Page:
And we, likewise, have many reasons to be grateful to Tertullian. It is, after all, he who furnishes us with more information about Christianity in the second century than probably any other writer of his age. (Eusebius, the Christian historian of the early part of the fourth century, perhaps furnishes us with more, but from a remoter vantage-point.)

In many ways we should not be surprised by Tertullian’s embrace of the New Prophecy.

“In many ways we should not be surprised by Tertullian’s embrace of the New Prophecy. When you read Tertullian, you are given the impression of an uncompromising figure, one who will suffer no fools, and who will say what he believes to be truth whether it’s palatable to the hearer or not.”

When you read Tertullian, you are given the impression of an uncompromising figure, one who will suffer no fools, and who will say what he believes to be truth whether it’s palatable to the hearer or not (indeed, all the better if it’s not!). Besides his On the Resurrection of the Flesh and many other theological treatises, he wrote many ethical treatises, setting forth his views on how Christians should dress, whether they should marry, how they should avoid any suggestion of paganism by the wearing of a wreath of flowers. It all conveys the impression of someone very definite about how Christians should live.

No doubt Tertullian saw the New Prophecy as a tonic against the laxity he viewed as encumbering the Church. After all, did not our Lord himself say,

“Therefore stay awake—for you do not know when the master of the house will come, in the evening, or at midnight, or when the cock crows, or in the morning— lest he come suddenly and find you asleep. And what I say to you I say to all: Stay awake.”[11]

And,

“Whoever relaxes one of the least of these commandments and teaches others to do the same will be called least in the kingdom of heaven, but whoever does them and teaches them will be called great in the kingdom of heaven. For I tell you, unless your righteousness exceeds that of the scribes and Pharisees, you will never enter the kingdom of heaven.”[12]

Moreover, this was an age when the canon of the New Testament was still in the process of being formed (more on this here); indeed, the very idea of a canon of New Testament books had barely been around for a few decades.

In such an environment, why should not the Holy Spirit speak fresh revelation through the mouths of modern-day human prophets — or prophetesses? The argument is quite understandable.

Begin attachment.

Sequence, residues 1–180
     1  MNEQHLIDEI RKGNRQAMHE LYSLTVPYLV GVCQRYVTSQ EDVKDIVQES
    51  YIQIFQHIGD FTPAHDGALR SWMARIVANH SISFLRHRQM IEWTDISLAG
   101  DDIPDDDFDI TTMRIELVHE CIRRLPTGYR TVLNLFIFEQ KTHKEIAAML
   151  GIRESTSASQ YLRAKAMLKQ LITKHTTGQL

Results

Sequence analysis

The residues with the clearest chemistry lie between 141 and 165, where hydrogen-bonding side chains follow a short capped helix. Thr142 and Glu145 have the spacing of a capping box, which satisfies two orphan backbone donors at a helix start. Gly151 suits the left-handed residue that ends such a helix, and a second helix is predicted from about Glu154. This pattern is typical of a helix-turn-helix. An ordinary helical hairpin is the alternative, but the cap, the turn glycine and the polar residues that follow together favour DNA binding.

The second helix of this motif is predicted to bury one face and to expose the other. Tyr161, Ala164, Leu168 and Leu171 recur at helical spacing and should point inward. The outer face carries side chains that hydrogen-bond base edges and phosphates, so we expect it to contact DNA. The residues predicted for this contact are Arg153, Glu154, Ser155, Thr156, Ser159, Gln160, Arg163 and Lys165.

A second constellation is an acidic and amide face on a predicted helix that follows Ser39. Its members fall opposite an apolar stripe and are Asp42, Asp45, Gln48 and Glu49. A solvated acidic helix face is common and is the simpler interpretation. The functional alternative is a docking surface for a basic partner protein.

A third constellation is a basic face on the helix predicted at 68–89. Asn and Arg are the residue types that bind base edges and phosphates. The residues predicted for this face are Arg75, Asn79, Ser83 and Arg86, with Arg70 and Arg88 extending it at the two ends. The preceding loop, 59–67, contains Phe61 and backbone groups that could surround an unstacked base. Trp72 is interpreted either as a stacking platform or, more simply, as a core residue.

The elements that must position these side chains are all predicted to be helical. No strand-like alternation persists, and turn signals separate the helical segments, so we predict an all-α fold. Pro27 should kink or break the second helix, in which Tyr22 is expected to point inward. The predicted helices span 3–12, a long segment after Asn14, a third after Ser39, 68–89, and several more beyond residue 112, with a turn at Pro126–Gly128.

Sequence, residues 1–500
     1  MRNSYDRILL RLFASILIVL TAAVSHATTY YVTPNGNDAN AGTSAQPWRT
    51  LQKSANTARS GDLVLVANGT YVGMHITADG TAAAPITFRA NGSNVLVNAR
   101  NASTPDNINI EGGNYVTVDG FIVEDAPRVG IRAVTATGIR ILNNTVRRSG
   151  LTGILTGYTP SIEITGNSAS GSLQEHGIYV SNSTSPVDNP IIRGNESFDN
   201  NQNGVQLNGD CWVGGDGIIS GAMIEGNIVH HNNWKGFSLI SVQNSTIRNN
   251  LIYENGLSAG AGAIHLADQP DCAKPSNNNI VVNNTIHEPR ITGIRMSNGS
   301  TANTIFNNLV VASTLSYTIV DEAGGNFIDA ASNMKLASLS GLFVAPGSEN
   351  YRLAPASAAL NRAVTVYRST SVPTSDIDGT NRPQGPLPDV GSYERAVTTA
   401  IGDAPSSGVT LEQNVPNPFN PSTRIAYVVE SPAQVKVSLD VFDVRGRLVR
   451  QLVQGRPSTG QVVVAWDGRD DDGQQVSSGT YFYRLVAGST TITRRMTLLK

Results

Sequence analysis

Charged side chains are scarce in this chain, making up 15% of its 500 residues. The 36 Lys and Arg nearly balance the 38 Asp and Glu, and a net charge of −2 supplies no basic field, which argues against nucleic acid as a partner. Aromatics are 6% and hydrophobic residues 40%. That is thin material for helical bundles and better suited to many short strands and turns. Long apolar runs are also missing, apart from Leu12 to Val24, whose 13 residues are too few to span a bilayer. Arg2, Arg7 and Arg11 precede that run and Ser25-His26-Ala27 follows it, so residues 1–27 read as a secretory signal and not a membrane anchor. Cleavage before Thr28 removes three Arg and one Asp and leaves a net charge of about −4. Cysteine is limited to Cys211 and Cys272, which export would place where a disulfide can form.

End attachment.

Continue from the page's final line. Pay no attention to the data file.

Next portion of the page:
*        *        *

“Tertullian reminds us that even our spiritual heroes are flawed (often deeply flawed) individuals.”

Tertullian reminds us that even our spiritual heroes are flawed (often deeply flawed) individuals. It is a reminder to look upon our Christian brothers and sisters in a spirit of charity. Perhaps, in God’s grace, this is even part of the way he helps us to be humble and live as a community of his people, loving one another without judging (when Church works at its best, of course).

Perhaps there is also a timely reminder here for the “woke” generation. For every statue we wish to tear down of some historical grandee now deemed cultural oppressor, might we at least stop to ask the question, “Would I have behaved even as well as that, had I been in his/her shoes?”

 

 

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Scripture quotations are from The Holy Bible, English Standard Version® (ESV®), © 2001 by Crossway, a publishing ministry of Good News Publishers. Used by permission. All rights reserved.

 


[1] παράκλητος, Paraklētos, in John 16:7

[2] A Lion Handbook: The History of Christianity (Oxford: Lion, 1996), 87.

[3] Ibid.

[4] Tertullian, The Ante-Nicene Fathers Vol. III: Latin Christianity: Its Founder, Tertullian (T&T Clark, Edinburgh; Wm. B. Eerdmans Publishing Company, Grand Rapids, MI, 1997), 3.

[5] Ibid., 5.

[6] Ibid., 6.

[7] https://etimasthe.com/2020/01/20/views-of-the-afterlife-in-the-ancient-world-dapres-tertullian/

[8] On the Resurrection of the Flesh, chapter 11. Tertullian, The Ante-Nicene Fathers Vol. III: Latin Christianity: Its Founder, Tertullian, 552–53. Note, I have slightly altered the translation there found in order to make it easier for the modern reader.

[9] A Lion Handbook: The History of Christianity, 87.

[10] Tertullian, The Ante-Nicene Fathers Vol. III: Latin Christianity: Its Founder, Tertullian, 5. Again I have slightly amended the translation to make it easier for the modern reader.

[11] Mark 13:35-37

[12] Matthew 5:19-20